Sudden hearing loss is a medical emergency: What patients need to know

by Selena E. Briggs, MD, Otologist, Neurotologist and Skull Base Surgeon
May 1, 2018

Every year in the U.S., one in 5,000 people experience sudden sensorineural hearing loss, or sudden hearing loss. This is considered a medical emergency, but one of the most common causes is something that appears seemingly harmless: upper respiratory tract infections. In fact, one in four patients with sudden hearing loss had an upper respiratory infection within a month before the hearing loss. Of the identifiable causes of sudden hearing loss, the vast majority are due to viruses, such as upper respiratory tract infections.

Unfortunately, there’s no preventative therapy that has been identified to reduce the risk. The window of treatment is typically 21 days for therapy to be most effective. Outside of that time frame, the likelihood of permanent hearing loss is significantly greater. According to most studies, 32 to 65 percent of individuals with sudden hearing loss with experience some degree of recovery. Normal hearing will return for just 33 percent of these people. For another third, hearing will improve somewhat. For the final third, the hearing loss will be permanent. The difference in hearing restoration is in how quickly a patient receives specialized care.

LISTEN: Dr. Briggs discusses sudden hearing loss in the Medical Intel podcast.

What is sudden sensorineural hearing loss?

While an acute sinus infection or ear infection can cause pressure, a muffled sensation or fluid in both ears, sudden sensorineural hearing loss usually occurs in just one ear. It can happen immediately—people often wake up with it—or it can develop over several days.

Sudden hearing loss isn’t a pressure problem, either. It actually causes injury to the nerve in your ear. Oftentimes, individuals who have sudden sensorineural hearing loss experience other symptoms, such as ringing in the ears, vertigo, dizziness, or a high pitched or white noise sound in the ear. These symptoms can be further indicators of damage to the nerve in your ear.

What should you do if you experience sudden hearing loss?

The first thing to do is to see your primary care doctor or go to a nearby urgent care center for an ear exam. It seems odd, but an ear exam that comes back normal in this situation is an emergency. The doctor will examine your ear to make sure your eardrum looks normal, that wax isn’t plugging up the ear canal, and that you have no fluid behind the eardrum. If you have sudden hearing loss and a normal ear exam, you need to have a hearing test from a specialist right away.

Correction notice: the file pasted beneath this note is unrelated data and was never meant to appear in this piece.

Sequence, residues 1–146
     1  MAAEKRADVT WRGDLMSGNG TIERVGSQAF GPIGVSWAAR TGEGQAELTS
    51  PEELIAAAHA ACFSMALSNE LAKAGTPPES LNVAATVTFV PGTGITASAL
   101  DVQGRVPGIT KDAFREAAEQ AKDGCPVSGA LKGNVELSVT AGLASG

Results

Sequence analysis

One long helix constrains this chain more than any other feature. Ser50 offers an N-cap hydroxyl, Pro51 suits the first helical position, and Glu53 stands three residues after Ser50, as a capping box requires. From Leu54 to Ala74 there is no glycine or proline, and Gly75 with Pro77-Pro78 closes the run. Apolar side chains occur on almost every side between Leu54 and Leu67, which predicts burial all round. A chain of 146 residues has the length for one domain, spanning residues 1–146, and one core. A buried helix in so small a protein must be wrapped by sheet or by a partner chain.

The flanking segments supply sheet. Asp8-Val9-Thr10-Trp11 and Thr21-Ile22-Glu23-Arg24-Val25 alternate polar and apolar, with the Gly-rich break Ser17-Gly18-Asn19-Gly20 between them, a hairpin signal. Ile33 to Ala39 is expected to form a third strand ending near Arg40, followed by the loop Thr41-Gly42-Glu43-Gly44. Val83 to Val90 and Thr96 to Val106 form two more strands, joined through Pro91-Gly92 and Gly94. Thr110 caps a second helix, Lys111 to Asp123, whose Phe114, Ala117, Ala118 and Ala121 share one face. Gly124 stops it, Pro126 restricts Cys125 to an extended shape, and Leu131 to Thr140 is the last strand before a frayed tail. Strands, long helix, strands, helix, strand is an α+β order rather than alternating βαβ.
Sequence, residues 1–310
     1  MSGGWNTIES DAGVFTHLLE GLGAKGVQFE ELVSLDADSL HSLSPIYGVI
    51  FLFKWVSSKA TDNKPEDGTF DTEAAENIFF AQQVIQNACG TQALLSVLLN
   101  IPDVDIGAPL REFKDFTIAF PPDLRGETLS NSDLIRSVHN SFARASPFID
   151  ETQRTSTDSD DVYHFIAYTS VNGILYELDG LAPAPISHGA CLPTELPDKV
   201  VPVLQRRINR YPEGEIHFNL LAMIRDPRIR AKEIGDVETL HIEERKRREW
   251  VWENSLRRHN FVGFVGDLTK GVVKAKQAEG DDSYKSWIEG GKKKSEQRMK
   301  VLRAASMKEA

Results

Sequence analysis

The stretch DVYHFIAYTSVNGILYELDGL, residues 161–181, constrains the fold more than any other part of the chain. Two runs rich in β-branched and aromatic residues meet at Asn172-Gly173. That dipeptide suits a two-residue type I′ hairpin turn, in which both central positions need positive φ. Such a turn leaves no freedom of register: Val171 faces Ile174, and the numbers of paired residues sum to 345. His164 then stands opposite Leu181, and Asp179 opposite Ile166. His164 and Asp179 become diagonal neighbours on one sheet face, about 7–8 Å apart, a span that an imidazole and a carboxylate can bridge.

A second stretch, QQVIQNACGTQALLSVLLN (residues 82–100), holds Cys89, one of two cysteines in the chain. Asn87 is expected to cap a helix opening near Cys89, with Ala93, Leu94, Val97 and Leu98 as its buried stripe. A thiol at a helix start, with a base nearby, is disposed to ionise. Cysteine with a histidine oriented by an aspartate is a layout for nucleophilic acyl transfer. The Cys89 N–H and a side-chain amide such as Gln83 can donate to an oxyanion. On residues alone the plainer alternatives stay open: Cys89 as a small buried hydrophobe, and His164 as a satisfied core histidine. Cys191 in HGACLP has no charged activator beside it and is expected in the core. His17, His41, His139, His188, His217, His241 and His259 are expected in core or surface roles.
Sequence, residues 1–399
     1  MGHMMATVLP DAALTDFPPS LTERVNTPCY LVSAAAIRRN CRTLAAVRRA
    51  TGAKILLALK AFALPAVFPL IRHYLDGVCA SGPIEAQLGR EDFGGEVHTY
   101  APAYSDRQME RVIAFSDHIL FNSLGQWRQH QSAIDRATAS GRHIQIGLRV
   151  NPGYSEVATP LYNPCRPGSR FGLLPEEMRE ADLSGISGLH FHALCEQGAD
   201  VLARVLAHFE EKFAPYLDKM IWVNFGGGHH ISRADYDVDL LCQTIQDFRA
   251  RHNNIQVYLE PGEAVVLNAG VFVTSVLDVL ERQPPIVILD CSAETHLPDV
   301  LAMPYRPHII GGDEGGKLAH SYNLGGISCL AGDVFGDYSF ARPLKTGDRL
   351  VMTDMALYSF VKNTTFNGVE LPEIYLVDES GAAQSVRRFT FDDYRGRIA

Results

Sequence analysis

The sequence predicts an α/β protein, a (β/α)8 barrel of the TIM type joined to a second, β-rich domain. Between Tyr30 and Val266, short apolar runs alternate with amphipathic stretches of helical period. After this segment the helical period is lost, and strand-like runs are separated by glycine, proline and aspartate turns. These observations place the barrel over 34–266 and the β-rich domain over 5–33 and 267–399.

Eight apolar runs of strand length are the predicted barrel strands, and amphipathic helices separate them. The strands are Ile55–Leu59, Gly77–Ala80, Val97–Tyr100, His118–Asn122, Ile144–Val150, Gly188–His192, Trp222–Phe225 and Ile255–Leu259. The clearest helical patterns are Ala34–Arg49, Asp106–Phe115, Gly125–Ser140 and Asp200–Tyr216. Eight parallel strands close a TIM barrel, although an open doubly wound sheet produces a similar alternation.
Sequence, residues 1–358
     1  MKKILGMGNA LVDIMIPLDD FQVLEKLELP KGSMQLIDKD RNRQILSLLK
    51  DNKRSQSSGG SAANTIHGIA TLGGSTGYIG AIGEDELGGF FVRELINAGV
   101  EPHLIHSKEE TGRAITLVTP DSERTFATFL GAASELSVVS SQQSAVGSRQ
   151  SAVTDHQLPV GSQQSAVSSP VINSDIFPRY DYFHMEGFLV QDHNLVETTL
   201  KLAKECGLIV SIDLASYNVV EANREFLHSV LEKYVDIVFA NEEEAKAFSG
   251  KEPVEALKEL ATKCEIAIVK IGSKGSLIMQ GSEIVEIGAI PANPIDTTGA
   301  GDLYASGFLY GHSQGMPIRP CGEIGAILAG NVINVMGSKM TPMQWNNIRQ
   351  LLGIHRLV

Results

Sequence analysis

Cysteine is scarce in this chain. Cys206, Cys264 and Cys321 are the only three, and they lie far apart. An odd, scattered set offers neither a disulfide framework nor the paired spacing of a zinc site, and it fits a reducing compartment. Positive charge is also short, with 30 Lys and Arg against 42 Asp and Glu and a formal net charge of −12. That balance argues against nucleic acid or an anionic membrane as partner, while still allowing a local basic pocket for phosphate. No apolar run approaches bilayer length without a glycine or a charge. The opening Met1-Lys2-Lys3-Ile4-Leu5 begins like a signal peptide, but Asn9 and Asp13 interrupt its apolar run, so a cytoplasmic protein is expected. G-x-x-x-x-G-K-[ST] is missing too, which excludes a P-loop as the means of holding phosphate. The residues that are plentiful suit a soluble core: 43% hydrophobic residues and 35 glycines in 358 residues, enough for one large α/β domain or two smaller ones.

How can a specialist help?

Once a patient is diagnosed with sudden sensorineural hearing loss, they should be seen by an otolaryngologist/neurotologist within 24 to 48 hours. The specialized treatment is started rather urgently because it offers the best chance for the best outcome.

We’ll start with a physical examination and take a medical history. We often order an MRI of the brain and inner ear to evaluate any changes or compression of the nerve responsible for hearing and balance. Based on your personal and family medical history, we also may order laboratory tests to assess for diabetes, other autoimmune disorders or infections.

Treatment will depend on your existing conditions. For example, if you have diabetes or hypertension, we will tailor therapies to accommodate those conditions. Your doctor may recommend oral steroids or injection steroids in the middle ear space, or a combination of the two. Steroid treatments decrease inflammation on the nerve to increase blood flow, which improves hearing. Another recommended therapy is hyperbaric oxygen therapy. In this treatment, you’re put into a chamber that simulates scuba diving. In the chamber, we’ll boost the oxygen level in your system in the hope that it’ll help it to heal your nerve faster.

Not all sudden changes in your hearing are virus related. A loud sound or a blast can cause a sudden hearing loss, and it’s treated in a similar way. Sudden hearing loss also can be an early sign of a stroke, tumor on the skull base, thyroid disorder, autoimmune disorder, or diabetes. Many diseases can cause sudden hearing loss, which is why it’s so important for you to see a doctor right away.

For example, I treated a patient who also was a doctor for bilateral hearing loss, meaning it was occurring in both ears. This individual needed his hearing to perform his work. Fortunately, he came to see me almost immediately after he noticed the hearing loss, which was profound. At his first visit, we had to communicate by typing on a computer because he couldn’t hear at all. We started oral steroids, inner ear steroids, and hyperbaric oxygen therapy. Remarkably, his hearing was fully restored.

Sudden hearing loss can be a frightening and emotional experience. Many of us take our hearing for granted, and once we lose it, we realize how important it is. Seeking treatment right away can lead to more positive outcomes.

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Category: Healthy Living, Medical Intel     Tags: #ENTdeafnessear-infectioneardrumsudden hearing loss